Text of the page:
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A High Number of Leukocytes

by
author image Sharon Perkins
A registered nurse with more than 25 years of experience in oncology, labor/delivery, neonatal intensive care, infertility and ophthalmology, Sharon Perkins has also coauthored and edited numerous health books for the Wiley "Dummies" series. Perkins also has extensive experience working in home health with medically fragile pediatric patients.

When blood tests reveal you have a higher than normal number of white blood cells (WBCs), or leukocytes, this is known medically as leukocytosis. White blood cell counts usually fall between 4,000 and 11,000 cells per microliter. There are different types of white blood cells: neutrophils, lymphocytes, monocytes, eosinophils, basophils and even nondescript immature white blood cells known as blasts. An elevation of any one of these can cause leukocytosis, which is a fairly common laboratory finding. Additionally, WBC counts may be high for any number of reasons. Leukocytosis is a fairly common laboratory finding.

Causes of Leukocytosis

Elevated WBC counts may accompany different clinical scenarios that range from infection, inflammation, allergic reaction, malignancy, hereditary disorders, drugs, and other miscellaneous causes -- in addition to several normal bodily responses such as stress and exercise. Unless the cause is immediately obvious, your doctor will need more information to make sense of the finding, including potentially which WBC types are over-represented, as well as your entire history, including any presenting symptoms and physical findings.

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Neutrophils

Infection is the most common cause of elevated neutrophil counts. Most bacterial infections cause what is known as “neutrophilia with bandemia,” where neutrophilia reflects the high count and bandemia refers to an excess of band cells, or immature white blood cells. However, inflammation without an infection – for instance, in rheumatoid arthritis or inflammatory bowel disease – can also produce neutrophilia, as can certain medications such as heparin, some seizure medications, steroids and others. Certain malignancies such as Hodgkin’s lymphoma may produce neutrophilia as well.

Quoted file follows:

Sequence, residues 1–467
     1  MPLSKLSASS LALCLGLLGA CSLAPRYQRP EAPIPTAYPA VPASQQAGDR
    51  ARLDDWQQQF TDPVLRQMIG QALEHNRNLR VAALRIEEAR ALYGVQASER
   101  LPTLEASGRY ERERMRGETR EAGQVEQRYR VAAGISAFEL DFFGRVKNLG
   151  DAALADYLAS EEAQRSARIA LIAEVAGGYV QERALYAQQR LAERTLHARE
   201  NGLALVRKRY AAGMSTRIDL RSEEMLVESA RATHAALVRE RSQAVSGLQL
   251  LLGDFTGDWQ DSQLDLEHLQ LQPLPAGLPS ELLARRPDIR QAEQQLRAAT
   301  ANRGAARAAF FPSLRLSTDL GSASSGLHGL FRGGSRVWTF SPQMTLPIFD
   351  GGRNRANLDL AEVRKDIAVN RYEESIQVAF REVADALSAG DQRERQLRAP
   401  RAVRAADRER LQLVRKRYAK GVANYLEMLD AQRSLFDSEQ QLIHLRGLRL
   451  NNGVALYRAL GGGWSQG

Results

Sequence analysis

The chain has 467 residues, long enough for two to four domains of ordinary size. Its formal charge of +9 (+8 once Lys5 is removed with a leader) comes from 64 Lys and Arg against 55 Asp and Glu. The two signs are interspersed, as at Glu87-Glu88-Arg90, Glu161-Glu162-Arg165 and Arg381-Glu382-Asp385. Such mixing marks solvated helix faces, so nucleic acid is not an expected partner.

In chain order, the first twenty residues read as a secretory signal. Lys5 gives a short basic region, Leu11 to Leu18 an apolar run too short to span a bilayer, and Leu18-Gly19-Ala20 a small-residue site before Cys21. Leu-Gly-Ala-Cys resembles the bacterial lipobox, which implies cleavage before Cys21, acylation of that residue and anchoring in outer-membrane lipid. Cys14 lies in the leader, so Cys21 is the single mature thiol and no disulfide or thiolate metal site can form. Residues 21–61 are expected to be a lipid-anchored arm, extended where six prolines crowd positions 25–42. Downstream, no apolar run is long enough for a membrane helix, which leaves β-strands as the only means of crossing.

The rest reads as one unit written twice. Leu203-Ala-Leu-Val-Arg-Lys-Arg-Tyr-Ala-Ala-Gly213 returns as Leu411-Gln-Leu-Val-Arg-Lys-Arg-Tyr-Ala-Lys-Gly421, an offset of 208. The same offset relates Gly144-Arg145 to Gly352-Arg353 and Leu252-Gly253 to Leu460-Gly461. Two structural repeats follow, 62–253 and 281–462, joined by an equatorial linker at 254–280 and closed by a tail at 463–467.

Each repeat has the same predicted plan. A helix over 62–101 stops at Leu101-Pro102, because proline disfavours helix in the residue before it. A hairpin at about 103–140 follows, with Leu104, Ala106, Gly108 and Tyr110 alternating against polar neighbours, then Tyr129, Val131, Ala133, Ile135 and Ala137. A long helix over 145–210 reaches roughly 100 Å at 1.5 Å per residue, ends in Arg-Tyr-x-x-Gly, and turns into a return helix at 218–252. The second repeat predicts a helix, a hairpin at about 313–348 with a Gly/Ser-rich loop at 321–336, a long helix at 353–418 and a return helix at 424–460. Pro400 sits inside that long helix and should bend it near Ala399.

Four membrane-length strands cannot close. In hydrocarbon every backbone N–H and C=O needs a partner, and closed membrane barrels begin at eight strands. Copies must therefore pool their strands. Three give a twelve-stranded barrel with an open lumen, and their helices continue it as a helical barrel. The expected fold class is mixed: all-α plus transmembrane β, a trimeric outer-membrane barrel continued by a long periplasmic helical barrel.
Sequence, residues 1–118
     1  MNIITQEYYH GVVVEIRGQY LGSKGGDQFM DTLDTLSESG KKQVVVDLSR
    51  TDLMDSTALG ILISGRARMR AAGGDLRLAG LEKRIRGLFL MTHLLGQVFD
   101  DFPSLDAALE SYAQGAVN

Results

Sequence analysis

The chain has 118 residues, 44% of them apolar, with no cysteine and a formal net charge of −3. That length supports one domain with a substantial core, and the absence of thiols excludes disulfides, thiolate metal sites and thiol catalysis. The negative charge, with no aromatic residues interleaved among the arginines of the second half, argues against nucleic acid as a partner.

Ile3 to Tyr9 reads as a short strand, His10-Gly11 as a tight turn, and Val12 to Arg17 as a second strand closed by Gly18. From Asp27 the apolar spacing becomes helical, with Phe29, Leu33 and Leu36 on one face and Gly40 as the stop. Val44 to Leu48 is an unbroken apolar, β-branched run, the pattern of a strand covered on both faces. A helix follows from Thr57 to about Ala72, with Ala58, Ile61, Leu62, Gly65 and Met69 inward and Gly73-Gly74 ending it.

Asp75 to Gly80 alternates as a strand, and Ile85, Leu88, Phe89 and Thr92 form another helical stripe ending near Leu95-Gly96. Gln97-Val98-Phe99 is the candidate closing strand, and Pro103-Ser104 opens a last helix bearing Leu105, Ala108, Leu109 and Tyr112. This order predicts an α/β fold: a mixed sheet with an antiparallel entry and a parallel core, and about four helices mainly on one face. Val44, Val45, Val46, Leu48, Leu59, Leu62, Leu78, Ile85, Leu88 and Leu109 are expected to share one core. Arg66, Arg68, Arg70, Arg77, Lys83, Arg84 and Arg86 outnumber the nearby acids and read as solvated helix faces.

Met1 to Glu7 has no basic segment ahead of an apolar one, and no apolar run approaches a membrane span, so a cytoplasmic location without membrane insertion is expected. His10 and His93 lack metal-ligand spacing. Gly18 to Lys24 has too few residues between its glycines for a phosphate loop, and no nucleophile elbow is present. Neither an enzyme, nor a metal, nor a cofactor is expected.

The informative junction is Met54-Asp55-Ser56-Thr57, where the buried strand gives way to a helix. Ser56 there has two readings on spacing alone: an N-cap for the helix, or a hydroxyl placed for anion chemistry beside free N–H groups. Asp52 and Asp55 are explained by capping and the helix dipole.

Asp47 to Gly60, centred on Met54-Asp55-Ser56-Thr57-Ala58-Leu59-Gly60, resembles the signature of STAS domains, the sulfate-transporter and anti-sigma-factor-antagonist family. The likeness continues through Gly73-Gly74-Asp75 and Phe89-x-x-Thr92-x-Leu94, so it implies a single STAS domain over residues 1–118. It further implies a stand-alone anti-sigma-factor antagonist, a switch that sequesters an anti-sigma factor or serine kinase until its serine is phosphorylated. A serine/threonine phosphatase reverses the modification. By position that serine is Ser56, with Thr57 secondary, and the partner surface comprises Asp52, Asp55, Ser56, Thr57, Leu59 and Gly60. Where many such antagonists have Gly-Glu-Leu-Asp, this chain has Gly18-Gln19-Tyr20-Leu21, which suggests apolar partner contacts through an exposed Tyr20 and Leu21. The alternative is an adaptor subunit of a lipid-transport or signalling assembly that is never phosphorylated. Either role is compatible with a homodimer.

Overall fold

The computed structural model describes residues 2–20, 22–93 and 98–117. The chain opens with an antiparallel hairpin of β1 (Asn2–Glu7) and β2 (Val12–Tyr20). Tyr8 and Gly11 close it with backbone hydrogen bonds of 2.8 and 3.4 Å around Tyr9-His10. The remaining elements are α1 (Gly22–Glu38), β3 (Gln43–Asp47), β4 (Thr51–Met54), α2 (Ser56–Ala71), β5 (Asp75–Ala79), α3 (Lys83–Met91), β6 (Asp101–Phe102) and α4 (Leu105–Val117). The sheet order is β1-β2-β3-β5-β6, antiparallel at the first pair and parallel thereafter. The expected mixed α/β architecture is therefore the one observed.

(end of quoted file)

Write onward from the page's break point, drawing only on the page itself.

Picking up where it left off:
Eosinophils

Leukocytosis may also be due to high numbers of white blood cells known as eosinophils, or eosinophilia. Often eosinophilia can be linked to an allergic process or drug reaction. This includes asthma, hay fever, hives, atopic dermatitis and eczema, allergy to drugs, and other allergic conditions, as well as parasitic infections. Other illnesses and some skin conditions may also be associated with high WBC counts do to eosinophilia.

Monocytes and Basophils

High counts of monocytes are associated with certain infections such as tuberculosis, syphilis, infectious mononucleosis (mono), autoimmune diseases such as lupus, and certain malignancies. The blood cancers chronic myelomonocytic leukemia, monocytic leukemia, Hodgkin disease and other blood proliferative diseases may produce monocytosis. A high basophil count leading to leukocytosis is rare, but it can occur in chronic myelogenous leukemia.

Emergencies

Leukocytosis greater than 30,000 indicates a bone marrow abnormality and requires immediate medical attention. Levels higher than 100,000--a medical emergency requiring an immediate hematology consult--can cause brain infarction, lack of blood to the brain or hemorrhage.

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References

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